This is kind of an obvious point but important nonetheless. Tying in what we just said about the importance of listening because start-ups move at a million miles an hour and are constantly evolving. Don’t get me wrong – there is definitely something to be said for formal structure. Most jam songs still have verses, choruses and the occasional bridge but within that framework there’s an exploration of the unknown. A give and take dynamic that flows from harmony to dissonance resolving back to harmony. It’s the roller coaster ride of the start-up experience. When you, as a lawyer, represent a start-up they’ll inevitably need the verses and choruses – the corporate formation documents and starter documents. Sometimes you get a bridge – IP filings and protection. And beyond that, sure, you may have a general idea of the types of legal solutions and services your client will need down the road but in 2017 there is no getting around the fact that the rapidly progressing pace of technology and millennially driven explosion of new businesses and business-types forces us to be dynamic as lawyers.
One size absolutely does not fit all. That’s one of the problems I see companies getting into when they use online legal services like Legalzoom, Rocket Lawyer, etc… (I’m not knocking those sites – they can have value when used appropriately). Being a dynamic lawyer means actively listening and reacting to new needs as they arise. To scoping out the consequences of a new brand activation or what to do if a supplier doesn’t send goods on time. Does that affect your client’s relationship with its retail vendors? Who’s liable for losses? If I was being a dynamic lawyer wouldn’t I have foreseen this? It’s the energy flow between the verse and chorus sections and the outros where the magic in-between is created.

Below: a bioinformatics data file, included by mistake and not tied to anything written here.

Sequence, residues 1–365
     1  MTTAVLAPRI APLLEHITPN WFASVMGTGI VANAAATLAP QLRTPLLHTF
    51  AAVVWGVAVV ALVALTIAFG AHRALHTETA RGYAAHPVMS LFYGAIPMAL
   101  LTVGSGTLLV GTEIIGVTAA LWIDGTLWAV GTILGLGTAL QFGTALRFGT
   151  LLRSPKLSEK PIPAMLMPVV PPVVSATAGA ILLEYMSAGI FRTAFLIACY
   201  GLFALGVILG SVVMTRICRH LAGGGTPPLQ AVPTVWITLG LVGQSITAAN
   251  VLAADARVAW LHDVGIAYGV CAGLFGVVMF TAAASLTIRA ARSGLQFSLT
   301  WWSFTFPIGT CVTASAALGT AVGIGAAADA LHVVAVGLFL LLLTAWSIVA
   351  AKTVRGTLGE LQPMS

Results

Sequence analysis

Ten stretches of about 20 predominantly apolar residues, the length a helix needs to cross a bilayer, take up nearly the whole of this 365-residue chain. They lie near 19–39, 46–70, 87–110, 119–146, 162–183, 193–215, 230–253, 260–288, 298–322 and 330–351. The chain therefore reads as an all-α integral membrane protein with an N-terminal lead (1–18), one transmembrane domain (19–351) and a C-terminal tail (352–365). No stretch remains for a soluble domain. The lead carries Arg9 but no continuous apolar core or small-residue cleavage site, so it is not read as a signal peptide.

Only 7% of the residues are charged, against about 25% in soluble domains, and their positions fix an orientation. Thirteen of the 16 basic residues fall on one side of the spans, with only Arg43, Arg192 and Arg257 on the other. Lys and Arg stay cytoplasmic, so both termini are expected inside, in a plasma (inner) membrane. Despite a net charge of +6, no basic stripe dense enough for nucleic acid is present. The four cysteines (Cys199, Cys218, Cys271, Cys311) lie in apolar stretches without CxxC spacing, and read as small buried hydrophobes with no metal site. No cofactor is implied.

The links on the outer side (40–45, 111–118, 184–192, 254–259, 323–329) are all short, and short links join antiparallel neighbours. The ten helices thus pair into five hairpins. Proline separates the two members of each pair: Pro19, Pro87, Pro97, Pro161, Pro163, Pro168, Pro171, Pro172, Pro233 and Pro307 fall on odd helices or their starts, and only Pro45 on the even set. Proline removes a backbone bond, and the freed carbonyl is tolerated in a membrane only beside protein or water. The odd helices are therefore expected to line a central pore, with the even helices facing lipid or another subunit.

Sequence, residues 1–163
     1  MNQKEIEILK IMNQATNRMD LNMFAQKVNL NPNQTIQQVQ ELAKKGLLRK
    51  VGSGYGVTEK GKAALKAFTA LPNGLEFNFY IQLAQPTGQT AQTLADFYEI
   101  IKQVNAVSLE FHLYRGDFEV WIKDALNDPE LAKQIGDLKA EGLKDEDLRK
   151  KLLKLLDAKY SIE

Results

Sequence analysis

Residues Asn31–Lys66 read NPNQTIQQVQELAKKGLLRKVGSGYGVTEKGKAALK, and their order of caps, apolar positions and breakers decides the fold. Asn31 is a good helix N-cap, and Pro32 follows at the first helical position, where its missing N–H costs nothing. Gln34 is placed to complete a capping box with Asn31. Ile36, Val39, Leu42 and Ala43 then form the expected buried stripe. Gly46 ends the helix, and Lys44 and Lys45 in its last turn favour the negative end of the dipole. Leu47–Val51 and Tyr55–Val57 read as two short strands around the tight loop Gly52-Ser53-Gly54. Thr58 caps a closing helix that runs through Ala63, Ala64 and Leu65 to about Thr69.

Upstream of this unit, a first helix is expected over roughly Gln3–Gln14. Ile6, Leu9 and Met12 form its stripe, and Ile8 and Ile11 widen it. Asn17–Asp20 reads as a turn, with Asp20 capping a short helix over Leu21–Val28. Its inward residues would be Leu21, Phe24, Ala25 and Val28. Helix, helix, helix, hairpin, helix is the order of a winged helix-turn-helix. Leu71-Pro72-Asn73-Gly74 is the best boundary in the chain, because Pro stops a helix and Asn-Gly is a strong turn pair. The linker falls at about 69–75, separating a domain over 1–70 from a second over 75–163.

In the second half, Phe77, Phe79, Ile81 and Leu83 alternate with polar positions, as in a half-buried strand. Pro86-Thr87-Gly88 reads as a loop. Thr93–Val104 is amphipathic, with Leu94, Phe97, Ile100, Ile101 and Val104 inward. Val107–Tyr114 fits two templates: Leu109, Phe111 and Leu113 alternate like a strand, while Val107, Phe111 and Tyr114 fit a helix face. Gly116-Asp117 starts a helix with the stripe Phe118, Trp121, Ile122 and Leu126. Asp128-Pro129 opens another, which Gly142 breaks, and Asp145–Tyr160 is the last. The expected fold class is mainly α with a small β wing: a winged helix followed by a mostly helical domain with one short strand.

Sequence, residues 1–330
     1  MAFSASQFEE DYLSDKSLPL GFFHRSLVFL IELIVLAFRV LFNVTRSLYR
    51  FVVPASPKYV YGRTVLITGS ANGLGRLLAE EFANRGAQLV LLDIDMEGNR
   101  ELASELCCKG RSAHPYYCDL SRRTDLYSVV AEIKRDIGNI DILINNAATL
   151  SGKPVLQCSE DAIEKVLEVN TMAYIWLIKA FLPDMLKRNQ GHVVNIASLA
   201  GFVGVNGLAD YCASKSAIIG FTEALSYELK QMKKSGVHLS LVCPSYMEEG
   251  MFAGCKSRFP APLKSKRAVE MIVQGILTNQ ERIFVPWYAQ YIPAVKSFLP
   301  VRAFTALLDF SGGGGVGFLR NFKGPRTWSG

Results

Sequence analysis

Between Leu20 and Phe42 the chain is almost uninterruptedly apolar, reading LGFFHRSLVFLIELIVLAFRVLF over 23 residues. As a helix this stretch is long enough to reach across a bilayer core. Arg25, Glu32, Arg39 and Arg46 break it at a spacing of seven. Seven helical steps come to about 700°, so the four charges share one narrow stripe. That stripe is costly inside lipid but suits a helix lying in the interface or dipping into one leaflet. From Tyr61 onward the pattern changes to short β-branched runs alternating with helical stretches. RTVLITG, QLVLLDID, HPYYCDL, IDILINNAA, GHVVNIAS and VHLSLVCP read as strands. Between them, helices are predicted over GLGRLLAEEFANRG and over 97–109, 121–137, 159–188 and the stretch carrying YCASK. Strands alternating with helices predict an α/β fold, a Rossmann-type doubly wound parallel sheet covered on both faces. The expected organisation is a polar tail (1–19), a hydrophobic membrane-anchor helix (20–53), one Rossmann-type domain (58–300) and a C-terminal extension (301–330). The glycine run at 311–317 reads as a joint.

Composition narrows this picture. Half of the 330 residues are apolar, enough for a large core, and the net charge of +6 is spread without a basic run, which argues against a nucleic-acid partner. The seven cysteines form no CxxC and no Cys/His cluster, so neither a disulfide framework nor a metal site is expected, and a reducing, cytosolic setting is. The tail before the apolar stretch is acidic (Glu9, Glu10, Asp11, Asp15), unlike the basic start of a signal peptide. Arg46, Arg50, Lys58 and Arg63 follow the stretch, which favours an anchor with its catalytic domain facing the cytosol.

The Magic In-Between
The magic in-between is why jam bands have cultivated such cultish followings. It's why fans will see the same band over 100 times and be left wanting for more. It’s what gives us goosebumps when a band comes out of a 10-minute dark dissonant jam to resolve in a blissful peak of euphoria only to drop back to the main theme with confident force. I hate to sound like “that guy” but it’s hard to even put in to words if you haven’t experienced it. It’s magic. So too, start-ups experience this with their victories small and large. Founders can be having the worst week ever and then find out that they just secured a brand activation with a top influencer which will get their brand tons of needed exposure. I’ve been there, literally. That shift from dissonance to harmonious peak is real. And it’s definitely not an experience if you can’t bring someone along.
So when you’re lawyering for humans going through this experience, you have an opportunity to be an active participant in the journey. If I had to assign an instrument to the lawyer in this situation, it would be probably be the bass. The glue that holds it together. While the rhythm and melodies shift keys and flutter between registers of notes, the bass is there keeping everything held down tight along the ride. And that’s really how I personally look at it when I’m advising my start-up clients. I get excited when exciting things happen for them. But I also keep my head grounded and make sure they know the consequences of getting carried away with in-the moment successes. You just sold $50,000 worth of units? Awesome. You want to spend it all on a blogger post? Calm down, let’s talk this out. But it’s the magic in-between where those conversations happen and the journey between dissonance and harmony happen. Once in a while you can get show the light in the strangest of places if you look at it right.
Putting It All Together
In the end what we all want as lawyers is for our clients to succeed. In order to give our start-up clients the best chance at success we need to provide the best legal framework tailored to their business and needs. To do that, we need to listen, be dynamic, and navigate the magic in-between. Do that and amazing things can happen.